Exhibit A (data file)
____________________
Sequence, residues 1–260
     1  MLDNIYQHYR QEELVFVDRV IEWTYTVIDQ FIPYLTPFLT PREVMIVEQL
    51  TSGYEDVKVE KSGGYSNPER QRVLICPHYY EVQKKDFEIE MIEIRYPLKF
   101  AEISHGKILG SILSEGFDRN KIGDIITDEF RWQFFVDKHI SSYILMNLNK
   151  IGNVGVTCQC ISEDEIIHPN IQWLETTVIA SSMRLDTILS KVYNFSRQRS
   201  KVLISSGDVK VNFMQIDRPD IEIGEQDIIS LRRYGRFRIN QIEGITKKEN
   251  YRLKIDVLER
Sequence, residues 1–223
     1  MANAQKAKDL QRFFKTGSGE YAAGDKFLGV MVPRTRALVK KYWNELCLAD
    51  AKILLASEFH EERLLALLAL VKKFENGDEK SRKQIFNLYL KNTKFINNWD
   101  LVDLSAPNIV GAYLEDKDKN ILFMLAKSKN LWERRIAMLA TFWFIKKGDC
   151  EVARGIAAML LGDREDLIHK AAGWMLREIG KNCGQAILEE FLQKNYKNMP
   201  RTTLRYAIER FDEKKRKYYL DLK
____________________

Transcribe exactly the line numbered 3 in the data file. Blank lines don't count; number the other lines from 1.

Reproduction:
    51  TSGYEDVKVE KSGGYSNPER QRVLICPHYY EVQKKDFEIE MIEIRYPLKF